I have been in the industry for 9 Years now. I am the longest-experienced makeup artist IN UGANDA”

I started in 2005 experimenting with makeup for my own pleasure and in 2006 I joined Makerere and continued to experiment more with makeup for stage as a Bachelors student for Drama. I used to do makeup for actors and actresses for plays. I was an evening student so I could volunteer as a makeup artist for Local Ugandan movies by Osman Matovu. In 2008 volunteered for PAKMAN, a writer and director during one of his movies, I met Navio and the Klear Kut Crew who were guest Actors in one of the scenes. I was approached by The Mith after appreciating my work at the end of their scene and he asked if I was interested in working with them for their videos.
 
I started working with Klear Kut in December 2008 my first work on video set for a song by Unique called “Sexy Mamas.” From there on, I joined the crew full time working on video sets, appearances & music shows. At the same time, I was doing my freelance work on the side for musicians that I met through the crew and producers like Steve Jean, Swangz Avenue, Just Jose, Talent Africa etc. Through Fenon Records by Steve Jean, I broke my ground in the advertising world working on shoots for Warid, Airtel, MTN, etc and The Face Studio Bugolobi.
I am still working with the different Production houses freelancing, Fashion Photographers like Reinout Djaurdin, Giulio Molfese, The Face Studio, but I have settled down spending most of my time as Head Makeup Artist for PARAMOUR COSMETICS LTD, a makeup line designing makeup products specifically for African Women using my skills helping to grow the brand, mentor other makeup artists and also educate Ugandan Women on how to wear makeup and all beauty awareness.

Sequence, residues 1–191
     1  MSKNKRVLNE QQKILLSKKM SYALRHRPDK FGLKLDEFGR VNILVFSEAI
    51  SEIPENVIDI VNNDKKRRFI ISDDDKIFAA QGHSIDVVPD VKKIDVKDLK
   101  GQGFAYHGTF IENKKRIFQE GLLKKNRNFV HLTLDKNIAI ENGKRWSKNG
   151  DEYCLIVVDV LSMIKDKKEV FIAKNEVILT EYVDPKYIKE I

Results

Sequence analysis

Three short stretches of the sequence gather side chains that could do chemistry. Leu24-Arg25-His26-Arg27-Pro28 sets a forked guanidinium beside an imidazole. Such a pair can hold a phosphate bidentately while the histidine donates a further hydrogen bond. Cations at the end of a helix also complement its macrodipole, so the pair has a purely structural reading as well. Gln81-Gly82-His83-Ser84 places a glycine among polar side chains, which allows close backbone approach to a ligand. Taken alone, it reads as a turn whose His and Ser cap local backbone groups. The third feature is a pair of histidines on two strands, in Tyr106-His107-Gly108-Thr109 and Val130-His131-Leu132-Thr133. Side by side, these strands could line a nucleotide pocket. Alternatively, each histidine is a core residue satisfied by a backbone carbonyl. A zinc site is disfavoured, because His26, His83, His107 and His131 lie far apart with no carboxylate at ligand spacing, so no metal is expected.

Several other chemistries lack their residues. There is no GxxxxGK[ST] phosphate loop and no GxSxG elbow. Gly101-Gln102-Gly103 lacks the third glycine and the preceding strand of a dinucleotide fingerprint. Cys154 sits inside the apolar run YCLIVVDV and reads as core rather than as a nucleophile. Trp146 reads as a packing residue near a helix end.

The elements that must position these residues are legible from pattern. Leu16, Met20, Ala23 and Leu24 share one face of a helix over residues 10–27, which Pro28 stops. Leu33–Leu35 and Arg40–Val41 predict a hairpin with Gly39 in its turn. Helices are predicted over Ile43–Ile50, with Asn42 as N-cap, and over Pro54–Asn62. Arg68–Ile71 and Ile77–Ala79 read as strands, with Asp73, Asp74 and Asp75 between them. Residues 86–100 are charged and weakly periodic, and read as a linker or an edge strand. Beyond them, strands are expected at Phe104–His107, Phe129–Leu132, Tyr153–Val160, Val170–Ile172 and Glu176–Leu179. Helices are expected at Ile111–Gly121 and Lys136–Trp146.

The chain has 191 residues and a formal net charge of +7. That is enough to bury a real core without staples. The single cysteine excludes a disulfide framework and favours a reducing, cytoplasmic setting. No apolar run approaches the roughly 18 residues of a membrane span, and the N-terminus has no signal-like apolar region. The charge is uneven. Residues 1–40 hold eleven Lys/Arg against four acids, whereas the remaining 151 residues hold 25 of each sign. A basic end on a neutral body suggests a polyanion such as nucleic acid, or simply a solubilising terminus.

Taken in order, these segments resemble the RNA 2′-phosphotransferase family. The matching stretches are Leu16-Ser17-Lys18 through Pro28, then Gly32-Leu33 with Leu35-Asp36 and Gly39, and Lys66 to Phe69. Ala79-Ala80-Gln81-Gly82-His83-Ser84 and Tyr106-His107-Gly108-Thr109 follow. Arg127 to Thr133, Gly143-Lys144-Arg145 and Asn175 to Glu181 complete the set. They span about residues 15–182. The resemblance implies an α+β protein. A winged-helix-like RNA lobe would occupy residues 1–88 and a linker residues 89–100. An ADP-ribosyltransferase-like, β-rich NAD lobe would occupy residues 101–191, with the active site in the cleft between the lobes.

What do you love most about make up?
I love the fact that I can express who I am as an artist through makeup. This is who I am and I love it.
I also love the transformations that I help to bring into ladies’ lives by showing them the little things about themselves that simply make them feel beautiful in their own way. It’s that spark that makeup gives and makes a lady feel like they are shining. That confidence in them or the smile on their faces that makes me love makeup.
If you weren’t a makeup artist, what else would you do?
Well, just guess…. haha. I would be definitely an artist. Drawing or Painting. Art conceals that mystery can only be understood by the heart. Communication without words. It’s beautiful.
I could also be an architect. There is something about putting a house or building together that appeals to me. The art in arranging everything is exciting!
How would you describe your signature look and what is it about your style that sets you apart from other makeup artists?
Um my signature look! When it comes to makeup, I am a Jack-of-all-trades. I must say that I do not think that I have a signature look but my clients say that I have an ability to give every lady/client the specific look they are looking for.
What is the most important beauty advice that you can give to women?